Juneteenth

I am home today, enjoying a paid holiday away from the workplace, but I’m not entirely sure why. I know that Juneteenth is a day long observed by African-Americans in the United States. I know that it marks, for them, the end of slavery and the beginning of freedom. I fully approve of the celebration of Juneteenth in the United States. I am not sure how being paid to stay home and catch up on my writing and other personal plans contributes to the meaning of this day.

Since colonial times, Africans were involuntarily transported into the western hemisphere to work for Europeans. Most of those Africans were sold into slavery by their fellow Africans, entrepreneurs making a profit off the vulnerability of their neighbors. The Portuguese were the first Europeans to exploit this involuntary labor. First on islands off the coast of Africa, then in the western hemisphere, Portuguese investors raised sugar cane, harvesting the sugar and selling it in Europe, where a growing taste for sugar made the spice a valuable commodity. Spanish explorers added African slaves to their conquered lands as the native population of the western hemisphere succumbed to European diseases such as smallpox and measles. The British and other European colonial governments perpetuated the slave trade.

The Industrial Revolution, beginning in Great Britain, made abolition of slavery possible for the first time in history. Even as the United States declared independence from Great Britain, the place of slaves in the new nation was debated. Some national leaders wanted to abolish slavery from the beginning of the country. They took seriously the words of Thomas Jefferson that “all men are created equal” and are “endowed by their Creator with certain inalienable rights” including “life, liberty, and the pursuit of happiness.” Others resisted freeing the slaves. A compromise was reached, when the Constitution was written, permitting slavery to continue in parts of the country but allowing no new slaves to be brought into the country. As part of that compromise, slaves were counted as three-fifths of a person in the national census. Eventually, a war was fought among the states over the issue of slavery. After the war ended, slavery was abolished by the thirteenth amendment to the Constitution. All people living in the United States were declared to have the rights mentioned in the Declaration of Independence.

Some white people labored to help the former slaves. They established schools in the south, helped to organize black-owned businesses, accepted black members of the government at the local, state, and national level, and required the state governments in the south to accept these changes. Others raised money to send former slaves and their families back to Africa, creating a country called Liberia. After time, though, people rose to power in both southern states and northern states who were less interested in equal and fair treatment for black citizens. Some former slaves became tenant farmers, working the same land for the same owners for a share of the profit but barred from social advancement. Some former slaves or their children moved north where they found factory jobs but were forced to live in substandard housing in segregated neighborhoods of northern cities. During the course of the twentieth century, a Civil Rights movement developed to challenge laws that perpetuated social, political, and economic differences between black citizens and white citizens. Some efforts toward justice succeeded, while others failed. Some efforts toward justice made life better for black citizens of the United States, while others continued to trap them in a system that diminished their opportunity for success in the United States.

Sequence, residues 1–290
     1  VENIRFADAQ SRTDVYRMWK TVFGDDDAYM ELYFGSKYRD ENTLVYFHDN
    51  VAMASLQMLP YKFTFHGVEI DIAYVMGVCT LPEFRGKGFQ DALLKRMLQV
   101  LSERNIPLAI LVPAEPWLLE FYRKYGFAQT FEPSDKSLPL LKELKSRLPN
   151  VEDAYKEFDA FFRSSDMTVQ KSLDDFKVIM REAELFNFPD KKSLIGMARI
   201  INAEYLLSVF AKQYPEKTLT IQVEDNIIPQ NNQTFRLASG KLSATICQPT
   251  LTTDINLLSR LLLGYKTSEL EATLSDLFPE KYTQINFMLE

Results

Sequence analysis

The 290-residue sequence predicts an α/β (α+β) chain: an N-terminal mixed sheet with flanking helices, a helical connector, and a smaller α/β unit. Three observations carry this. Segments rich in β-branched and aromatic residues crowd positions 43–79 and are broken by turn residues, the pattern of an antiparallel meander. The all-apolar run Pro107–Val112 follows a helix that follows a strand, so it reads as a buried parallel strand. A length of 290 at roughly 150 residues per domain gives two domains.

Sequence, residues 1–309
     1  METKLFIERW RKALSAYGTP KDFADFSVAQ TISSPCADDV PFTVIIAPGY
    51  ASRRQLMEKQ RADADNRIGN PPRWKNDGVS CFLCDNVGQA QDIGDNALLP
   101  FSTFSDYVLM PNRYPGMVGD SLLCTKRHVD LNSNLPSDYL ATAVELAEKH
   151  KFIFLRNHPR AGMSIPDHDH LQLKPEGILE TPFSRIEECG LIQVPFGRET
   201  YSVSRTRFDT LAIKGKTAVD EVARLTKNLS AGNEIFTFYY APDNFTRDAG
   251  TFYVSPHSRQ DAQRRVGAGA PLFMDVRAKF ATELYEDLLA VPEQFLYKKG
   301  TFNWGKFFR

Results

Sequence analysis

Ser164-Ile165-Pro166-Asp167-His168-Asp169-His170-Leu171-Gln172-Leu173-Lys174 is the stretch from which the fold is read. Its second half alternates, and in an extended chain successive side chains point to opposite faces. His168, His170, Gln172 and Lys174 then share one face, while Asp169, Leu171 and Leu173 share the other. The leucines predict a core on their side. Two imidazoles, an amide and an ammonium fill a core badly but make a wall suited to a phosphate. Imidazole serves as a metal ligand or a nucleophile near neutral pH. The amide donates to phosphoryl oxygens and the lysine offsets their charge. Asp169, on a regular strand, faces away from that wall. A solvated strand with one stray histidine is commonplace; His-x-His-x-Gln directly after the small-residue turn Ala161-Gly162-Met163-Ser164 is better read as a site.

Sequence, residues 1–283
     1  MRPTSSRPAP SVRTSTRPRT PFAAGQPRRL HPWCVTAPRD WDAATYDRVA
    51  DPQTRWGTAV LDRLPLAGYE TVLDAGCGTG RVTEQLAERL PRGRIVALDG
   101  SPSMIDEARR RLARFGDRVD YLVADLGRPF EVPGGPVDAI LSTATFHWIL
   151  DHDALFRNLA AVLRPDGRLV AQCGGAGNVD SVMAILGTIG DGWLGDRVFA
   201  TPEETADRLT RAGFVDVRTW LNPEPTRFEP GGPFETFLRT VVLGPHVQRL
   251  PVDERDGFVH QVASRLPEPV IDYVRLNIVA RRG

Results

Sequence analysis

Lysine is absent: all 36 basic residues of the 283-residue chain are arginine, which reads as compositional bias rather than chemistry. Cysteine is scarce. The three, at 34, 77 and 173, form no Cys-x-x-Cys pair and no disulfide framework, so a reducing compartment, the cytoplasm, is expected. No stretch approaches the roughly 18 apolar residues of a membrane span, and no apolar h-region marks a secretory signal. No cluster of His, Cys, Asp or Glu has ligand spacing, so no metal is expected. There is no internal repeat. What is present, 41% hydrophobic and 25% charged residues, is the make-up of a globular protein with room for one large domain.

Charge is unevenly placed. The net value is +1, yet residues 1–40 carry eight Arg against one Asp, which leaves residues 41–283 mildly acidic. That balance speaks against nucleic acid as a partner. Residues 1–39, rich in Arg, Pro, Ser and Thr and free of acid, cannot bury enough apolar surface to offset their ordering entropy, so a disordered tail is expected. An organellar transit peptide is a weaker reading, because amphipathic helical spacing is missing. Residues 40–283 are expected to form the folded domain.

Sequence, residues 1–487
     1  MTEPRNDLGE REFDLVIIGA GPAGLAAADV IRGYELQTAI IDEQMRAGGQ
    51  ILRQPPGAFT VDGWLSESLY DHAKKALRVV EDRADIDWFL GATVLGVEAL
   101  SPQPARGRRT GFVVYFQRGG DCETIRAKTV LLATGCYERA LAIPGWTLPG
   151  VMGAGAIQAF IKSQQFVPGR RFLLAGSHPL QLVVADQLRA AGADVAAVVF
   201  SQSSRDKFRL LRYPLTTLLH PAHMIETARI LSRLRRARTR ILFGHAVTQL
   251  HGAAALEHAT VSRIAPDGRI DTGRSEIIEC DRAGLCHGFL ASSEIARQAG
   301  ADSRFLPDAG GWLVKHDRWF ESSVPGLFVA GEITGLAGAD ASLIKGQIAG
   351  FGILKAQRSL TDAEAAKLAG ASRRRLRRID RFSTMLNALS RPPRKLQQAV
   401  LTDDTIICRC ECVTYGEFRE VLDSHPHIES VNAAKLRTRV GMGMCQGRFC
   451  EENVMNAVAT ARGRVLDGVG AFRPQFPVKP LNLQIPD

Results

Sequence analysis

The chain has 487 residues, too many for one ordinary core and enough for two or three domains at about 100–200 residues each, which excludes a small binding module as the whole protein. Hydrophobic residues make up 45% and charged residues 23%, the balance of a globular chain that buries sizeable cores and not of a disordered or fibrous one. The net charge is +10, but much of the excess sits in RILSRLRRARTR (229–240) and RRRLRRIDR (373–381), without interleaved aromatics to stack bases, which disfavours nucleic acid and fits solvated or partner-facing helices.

Recognizing Juneteenth as a national holiday—and making it a paid holiday for all workers—seems to me an empty gesture of goodwill toward African Americans. By all means, we should celebrate African American culture. African Americans are welcome to preserve their traditions and to share them with their neighbors, and we should be glad to take part in their celebrations. In this way, Juneteenth can be added to ethnic holidays which include Chinese New Year, Saint Patrick’s Day, Cinco de Mayo, Octoberfest, and any other celebration that focuses attention upon one of the many groups within the United States of America. Schools, libraries, churches, businesses, neighborhood associations, and other gatherings can and should make all these days opportunities to remember and enjoy their heritage of our particular group. They can and should make all these days opportunities to learn about the heritage of other groups of people who share our cities, states, and country.

Celebrating an ethnic heritage is a good thing. Striving for liberty and justice for all people is another good thing. They do not often mix. Doing the first might distract many people from doing the second. Doing the first in a thoughtless and careless way might even create barriers that keep us from doing the second. A better country will not be formed by adding a holiday or two to the calendar. A better country will be formed when we see and hear each other, learn from each other, care about one another, and work together for the good of all. J.

John Lennon (1940-1980)

John Lennon was born eighty years ago today—October 9, 1940.

Without John Lennon, there would have been no Beatles. Surely some other group or individual would have filled the gap that the Beatles occupied, but their artistry and creativity would have been different. As a result, the 1960s and history since that time would also have been different.

When Paul McCartney met John Lennon in 1956, John was leading a skiffle group called the Quarrymen. (Skiffle is a British folk music, not unlike some of the Appalachian and Ozark folk music still performed today in the United States.) Paul and John established a musical partnership, that was soon joined by George Harrison. Other members came and went, and various names were used by the group. The Beatles did not approach the peak of success, though, until Ringo Starr became the regular drummer of the group in 1962.